Later On

A blog written for those whose interests more or less match mine.

A user report on the efficacy of citric acid to soften shaving water

with 2 comments

In the Guide, I suggest several options if you find yourself having to shave with hard water, one of which is to use citric acid. I just received an email from Craig B. reporting on his experience in trying it:

We moved to Pleasanton CA which has very hard water – coming from San Ramon CA whose water is super-soft. So I read with interest your comments on using citric acid. After looking in the local stores without success, I bought some on Amazon. Was I ever surprised!! I expected easier lathering and better lather quality – which is just what I got. What I was not expecting, and the bonus mentioned above, was that:

  • The razor itself is much cleaner with only a very small amount of buildup.
  • The razor rinses more completely, presumably because the lather is of better quality (not pasty and sticking to razor and blade).
  • The sink itself in squeaky clean after shaving. The walls of the sink are slick and shiny, eliminating criticism from SWMBO.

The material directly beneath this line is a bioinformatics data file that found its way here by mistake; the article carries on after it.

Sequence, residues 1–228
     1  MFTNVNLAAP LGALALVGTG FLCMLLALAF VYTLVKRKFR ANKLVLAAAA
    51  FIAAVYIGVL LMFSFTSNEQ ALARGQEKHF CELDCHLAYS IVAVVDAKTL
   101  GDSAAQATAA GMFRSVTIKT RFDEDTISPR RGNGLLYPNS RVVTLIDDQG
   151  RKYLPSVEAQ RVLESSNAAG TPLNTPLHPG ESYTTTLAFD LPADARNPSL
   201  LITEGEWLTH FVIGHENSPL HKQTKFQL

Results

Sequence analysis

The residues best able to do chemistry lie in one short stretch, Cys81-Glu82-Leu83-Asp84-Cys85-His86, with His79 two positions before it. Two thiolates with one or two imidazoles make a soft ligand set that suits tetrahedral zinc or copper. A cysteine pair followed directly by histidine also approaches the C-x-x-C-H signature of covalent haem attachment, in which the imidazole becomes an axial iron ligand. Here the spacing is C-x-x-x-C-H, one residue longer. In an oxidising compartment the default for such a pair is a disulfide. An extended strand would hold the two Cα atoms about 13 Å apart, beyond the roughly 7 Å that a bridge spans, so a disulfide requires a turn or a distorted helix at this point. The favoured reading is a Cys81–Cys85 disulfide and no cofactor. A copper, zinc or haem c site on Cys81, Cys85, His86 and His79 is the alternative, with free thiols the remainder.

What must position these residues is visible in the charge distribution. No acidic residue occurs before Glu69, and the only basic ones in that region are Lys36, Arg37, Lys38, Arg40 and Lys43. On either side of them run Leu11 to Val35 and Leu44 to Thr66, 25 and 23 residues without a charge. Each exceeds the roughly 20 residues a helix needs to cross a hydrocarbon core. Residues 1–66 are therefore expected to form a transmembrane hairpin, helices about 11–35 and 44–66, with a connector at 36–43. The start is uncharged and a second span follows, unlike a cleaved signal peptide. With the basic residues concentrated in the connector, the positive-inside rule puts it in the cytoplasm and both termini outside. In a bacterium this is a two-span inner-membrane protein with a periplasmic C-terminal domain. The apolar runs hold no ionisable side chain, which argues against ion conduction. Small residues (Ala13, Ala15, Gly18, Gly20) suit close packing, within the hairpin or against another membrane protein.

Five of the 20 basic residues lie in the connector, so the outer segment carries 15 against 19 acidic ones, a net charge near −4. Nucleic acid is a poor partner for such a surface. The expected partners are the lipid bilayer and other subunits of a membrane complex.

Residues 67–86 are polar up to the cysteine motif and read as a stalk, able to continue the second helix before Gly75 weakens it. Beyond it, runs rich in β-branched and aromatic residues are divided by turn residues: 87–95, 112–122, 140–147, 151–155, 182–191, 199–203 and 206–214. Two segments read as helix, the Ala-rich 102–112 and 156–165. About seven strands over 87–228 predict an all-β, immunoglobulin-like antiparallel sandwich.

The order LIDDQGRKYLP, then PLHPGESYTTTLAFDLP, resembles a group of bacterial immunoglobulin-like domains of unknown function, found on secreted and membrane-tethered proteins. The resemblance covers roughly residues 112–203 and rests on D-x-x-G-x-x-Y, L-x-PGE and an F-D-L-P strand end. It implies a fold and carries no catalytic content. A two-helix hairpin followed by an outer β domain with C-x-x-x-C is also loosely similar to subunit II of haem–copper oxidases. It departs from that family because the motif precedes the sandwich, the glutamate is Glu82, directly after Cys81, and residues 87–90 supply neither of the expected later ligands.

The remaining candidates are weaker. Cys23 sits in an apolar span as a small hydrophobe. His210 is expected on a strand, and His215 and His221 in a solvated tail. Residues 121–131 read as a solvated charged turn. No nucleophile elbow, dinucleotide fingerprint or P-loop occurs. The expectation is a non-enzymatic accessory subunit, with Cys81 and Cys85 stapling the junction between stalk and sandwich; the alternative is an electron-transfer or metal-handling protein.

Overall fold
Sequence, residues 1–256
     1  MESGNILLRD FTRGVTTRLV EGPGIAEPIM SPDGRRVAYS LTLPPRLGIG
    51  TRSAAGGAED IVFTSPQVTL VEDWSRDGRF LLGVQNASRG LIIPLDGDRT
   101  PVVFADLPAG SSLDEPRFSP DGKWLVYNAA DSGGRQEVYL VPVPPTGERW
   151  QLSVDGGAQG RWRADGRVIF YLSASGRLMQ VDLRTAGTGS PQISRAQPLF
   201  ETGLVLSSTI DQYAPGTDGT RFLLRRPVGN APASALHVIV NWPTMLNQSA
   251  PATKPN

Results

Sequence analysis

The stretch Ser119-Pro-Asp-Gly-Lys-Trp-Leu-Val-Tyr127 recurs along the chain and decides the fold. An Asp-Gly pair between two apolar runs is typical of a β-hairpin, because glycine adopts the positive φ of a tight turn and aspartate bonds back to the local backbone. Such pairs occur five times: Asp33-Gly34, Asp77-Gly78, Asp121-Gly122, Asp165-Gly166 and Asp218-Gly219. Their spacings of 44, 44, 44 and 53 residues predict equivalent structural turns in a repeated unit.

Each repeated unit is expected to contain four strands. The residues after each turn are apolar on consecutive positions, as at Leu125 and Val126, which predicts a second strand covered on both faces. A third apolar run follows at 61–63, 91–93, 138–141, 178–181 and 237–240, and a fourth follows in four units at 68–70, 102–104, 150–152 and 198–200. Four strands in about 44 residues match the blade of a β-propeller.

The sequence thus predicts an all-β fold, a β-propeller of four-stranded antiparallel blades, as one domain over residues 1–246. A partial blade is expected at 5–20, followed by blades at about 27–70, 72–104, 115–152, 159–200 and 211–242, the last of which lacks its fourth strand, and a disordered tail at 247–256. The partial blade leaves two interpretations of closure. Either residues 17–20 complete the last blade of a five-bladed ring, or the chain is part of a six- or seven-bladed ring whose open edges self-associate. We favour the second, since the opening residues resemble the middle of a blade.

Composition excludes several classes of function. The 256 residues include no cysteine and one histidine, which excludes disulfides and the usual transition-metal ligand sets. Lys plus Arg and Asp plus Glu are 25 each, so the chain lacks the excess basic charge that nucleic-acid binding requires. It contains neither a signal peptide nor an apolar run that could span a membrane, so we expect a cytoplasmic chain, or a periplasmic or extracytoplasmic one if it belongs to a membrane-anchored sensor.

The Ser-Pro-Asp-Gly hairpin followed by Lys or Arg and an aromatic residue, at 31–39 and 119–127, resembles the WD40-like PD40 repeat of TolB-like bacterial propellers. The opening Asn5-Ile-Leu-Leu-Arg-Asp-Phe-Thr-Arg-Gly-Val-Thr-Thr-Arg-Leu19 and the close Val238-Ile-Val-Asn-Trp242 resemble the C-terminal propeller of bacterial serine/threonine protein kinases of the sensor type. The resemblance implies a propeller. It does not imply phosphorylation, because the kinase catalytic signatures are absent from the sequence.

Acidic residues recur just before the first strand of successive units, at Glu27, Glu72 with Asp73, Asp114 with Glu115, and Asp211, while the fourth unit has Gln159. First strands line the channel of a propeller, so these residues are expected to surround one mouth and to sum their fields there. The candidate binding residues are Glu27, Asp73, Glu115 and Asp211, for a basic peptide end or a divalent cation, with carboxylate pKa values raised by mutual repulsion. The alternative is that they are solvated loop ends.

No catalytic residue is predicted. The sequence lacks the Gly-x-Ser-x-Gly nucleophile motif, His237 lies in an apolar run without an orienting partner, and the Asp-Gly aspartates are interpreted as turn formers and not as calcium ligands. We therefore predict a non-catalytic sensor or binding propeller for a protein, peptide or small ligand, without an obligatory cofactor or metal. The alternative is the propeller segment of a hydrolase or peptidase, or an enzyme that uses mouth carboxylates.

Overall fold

Thanks so much for a great tip.

In asking his permission to quote his email, I mentioned that citric acid also is used as a salt substitute. It’s a white crystalline powder that works well in a salt shaker for the table. It adds lemony zest but no salt.

Your input on using citric acid as a salt substitute is good for several reasons. One is that salt is to be avoided for pretty much everyone in so far as possible. Secondly, this is particularly timely because the docs are telling us (in our 70s) to control our blood pressure by eliminating salt and avoiding soups and (diet) sodas and such because they contain too much sodium.. So using citric acid as a substitute sounds like a wonderful idea for us. Thank you so much for the extra tip.

Sounds like I need two salt shakers – one for the table and one for the sink. 🙂

Written by LeisureGuy

20 February 2017 at 3:46 pm

Posted in Daily life, Shaving

2 Responses

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  1. I believe Chuck Falzone made the point that citrate is a chelating agent for calcium and magnesium, like EDTA.

    Larry

    21 February 2017 at 9:00 am

  2. Yes, he did. I have recommended using citric acide in the last couple of editions of the Guide as well.

    LeisureGuy

    21 February 2017 at 9:39 am


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